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The new ‘connexin’ to the pathogenesis of E coli diarrhoea
  1. Alastair J M Watson
  1. Correspondence to Professor Alastair Watson, School of Clinical Sciences, The Henry Wellcome Laboratory, Nuffield Building, University of Liverpool, Crown Street Liverpool L69 3GE, UK; alastair.watson{at}liv.ac.uk

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Infectious diarrhoea is a major cause of morbidity and mortality causing 1.5 million deaths worldwide in 2005.1 Thus the pathobiology of diarrhoea is of considerable interest. However, despite considerable research over the last 50 years, significant gaps remain in our knowledge of the pathogenic diarrhoea mechanisms of specific microorganisms.

Diarrhoea can be regarded simply as an excess of water in faeces. The healthy adult intestine must absorb approximately 7 litres per 24 h to produce a normal stool. Failure of absorption or, alternatively, secretion of water into the intestine or a combination of the two will cause diarrhoea.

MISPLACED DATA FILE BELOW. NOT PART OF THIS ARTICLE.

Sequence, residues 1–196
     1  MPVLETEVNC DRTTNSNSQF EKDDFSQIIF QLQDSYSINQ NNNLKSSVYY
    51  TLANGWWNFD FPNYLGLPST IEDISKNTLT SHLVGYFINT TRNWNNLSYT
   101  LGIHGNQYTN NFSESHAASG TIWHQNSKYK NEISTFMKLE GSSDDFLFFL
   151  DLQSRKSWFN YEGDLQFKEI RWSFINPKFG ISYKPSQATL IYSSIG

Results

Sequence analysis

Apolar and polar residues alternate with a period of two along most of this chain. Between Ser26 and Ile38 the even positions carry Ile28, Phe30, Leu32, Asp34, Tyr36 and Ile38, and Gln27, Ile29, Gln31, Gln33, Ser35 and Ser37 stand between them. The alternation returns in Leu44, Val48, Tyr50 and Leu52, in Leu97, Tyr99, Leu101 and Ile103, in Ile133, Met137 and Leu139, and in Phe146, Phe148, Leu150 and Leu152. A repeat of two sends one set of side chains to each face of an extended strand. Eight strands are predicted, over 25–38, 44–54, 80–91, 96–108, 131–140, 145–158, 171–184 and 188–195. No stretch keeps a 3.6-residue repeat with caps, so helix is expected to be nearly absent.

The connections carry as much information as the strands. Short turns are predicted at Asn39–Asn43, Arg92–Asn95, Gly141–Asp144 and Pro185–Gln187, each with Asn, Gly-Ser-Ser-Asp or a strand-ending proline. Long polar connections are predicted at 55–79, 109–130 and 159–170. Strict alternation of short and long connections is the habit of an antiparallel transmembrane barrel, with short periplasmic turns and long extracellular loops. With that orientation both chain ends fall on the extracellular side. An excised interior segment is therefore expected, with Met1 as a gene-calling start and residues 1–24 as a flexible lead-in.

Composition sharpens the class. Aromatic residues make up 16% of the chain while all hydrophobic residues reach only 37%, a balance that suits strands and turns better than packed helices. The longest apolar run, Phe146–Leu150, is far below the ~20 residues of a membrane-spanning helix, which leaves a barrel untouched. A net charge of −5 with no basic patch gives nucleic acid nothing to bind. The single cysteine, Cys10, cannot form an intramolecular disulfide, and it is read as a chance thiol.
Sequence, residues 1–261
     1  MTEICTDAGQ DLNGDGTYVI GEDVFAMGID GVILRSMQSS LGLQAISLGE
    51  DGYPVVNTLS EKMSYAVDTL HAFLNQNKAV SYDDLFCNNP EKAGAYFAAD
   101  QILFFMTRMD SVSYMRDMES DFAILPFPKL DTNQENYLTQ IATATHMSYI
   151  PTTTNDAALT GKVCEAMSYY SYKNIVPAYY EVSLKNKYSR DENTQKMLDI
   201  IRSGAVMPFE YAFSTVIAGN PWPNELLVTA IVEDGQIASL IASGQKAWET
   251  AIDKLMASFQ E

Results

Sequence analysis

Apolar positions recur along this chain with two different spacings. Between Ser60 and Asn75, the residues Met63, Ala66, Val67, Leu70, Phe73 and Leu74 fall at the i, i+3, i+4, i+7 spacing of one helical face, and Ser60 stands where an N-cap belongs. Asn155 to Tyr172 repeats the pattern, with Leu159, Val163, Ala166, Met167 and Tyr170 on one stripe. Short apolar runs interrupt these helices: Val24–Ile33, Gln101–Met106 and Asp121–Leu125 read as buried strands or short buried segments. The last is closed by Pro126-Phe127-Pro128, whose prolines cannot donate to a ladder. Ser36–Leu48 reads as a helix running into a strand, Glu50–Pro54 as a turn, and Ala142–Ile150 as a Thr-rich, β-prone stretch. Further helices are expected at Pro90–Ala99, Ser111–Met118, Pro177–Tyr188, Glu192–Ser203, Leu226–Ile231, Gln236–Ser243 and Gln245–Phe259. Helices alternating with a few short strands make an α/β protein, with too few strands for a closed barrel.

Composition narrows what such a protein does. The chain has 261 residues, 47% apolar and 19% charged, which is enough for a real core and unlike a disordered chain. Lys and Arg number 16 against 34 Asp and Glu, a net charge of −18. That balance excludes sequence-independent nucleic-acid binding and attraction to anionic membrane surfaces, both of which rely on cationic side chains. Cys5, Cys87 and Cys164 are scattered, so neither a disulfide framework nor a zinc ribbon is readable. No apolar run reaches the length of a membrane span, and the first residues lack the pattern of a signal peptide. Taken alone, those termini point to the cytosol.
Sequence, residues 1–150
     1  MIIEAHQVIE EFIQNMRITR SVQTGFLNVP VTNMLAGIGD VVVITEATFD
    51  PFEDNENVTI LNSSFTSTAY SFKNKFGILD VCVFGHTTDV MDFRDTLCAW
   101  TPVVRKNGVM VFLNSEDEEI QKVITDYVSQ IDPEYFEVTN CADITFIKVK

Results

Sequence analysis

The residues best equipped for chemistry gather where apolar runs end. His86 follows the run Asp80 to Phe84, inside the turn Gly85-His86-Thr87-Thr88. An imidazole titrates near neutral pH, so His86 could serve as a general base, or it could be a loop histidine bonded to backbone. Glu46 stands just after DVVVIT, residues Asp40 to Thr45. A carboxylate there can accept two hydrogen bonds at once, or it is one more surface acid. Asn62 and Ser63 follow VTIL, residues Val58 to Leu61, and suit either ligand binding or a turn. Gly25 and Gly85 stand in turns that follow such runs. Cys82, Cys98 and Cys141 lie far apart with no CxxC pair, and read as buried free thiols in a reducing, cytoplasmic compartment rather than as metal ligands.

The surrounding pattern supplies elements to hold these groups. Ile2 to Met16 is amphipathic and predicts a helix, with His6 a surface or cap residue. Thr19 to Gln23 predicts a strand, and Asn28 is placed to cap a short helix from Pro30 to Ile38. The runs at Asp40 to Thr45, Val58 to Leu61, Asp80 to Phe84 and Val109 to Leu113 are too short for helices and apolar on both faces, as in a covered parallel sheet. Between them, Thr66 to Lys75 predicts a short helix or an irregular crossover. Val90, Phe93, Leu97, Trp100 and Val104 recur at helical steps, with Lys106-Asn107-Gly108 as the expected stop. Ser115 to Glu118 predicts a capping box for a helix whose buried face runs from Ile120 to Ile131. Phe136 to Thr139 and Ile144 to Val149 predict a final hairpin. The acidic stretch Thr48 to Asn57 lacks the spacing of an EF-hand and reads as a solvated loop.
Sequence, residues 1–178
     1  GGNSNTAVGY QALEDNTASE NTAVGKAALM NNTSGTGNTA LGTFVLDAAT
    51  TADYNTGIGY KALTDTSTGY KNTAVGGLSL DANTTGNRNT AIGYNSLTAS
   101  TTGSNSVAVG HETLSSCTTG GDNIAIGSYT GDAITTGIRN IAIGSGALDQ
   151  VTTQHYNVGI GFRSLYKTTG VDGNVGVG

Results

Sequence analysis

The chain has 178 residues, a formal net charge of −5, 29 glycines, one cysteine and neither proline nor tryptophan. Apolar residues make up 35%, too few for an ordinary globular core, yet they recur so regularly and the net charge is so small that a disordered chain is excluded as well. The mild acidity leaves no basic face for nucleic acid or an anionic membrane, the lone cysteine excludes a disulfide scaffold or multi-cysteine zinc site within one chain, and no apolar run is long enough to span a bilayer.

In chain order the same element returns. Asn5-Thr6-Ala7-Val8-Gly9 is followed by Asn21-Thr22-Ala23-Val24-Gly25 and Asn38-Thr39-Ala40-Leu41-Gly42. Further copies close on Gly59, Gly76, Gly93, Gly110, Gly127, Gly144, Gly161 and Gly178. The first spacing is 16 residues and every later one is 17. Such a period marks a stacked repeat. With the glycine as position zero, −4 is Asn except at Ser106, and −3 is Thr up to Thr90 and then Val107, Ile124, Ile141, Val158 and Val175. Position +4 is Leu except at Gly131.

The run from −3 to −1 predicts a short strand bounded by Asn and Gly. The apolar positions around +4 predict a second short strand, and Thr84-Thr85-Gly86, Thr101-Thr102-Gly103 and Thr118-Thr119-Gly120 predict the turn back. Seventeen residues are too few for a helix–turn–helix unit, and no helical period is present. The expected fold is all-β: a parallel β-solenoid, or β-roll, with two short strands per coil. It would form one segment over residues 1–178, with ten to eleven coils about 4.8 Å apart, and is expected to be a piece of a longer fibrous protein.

Vibrio cholerae or enterotoxogenic Escherichia coli (ETEC) secrete toxins which cause the accumulation of the second messenger cyclic AMP or, in the case of ETEC, cyclic GMP in intestinal epithelial cells. These second messengers cause secretion of water into the intestinal lumen through a couple of mechanisms. Secretion occurs predominately in the intestinal crypts. They can directly open an anion channel on the apical membrane of epithelial cells called cystic fibrosis transmembrane conductance regulator (CFTR) allowing the efflux of chloride ions resulting in osmotic gradients that pull water into the intestinal lumen; a process called electrogenic chloride secretion.2 They also activate a neural reflex within …

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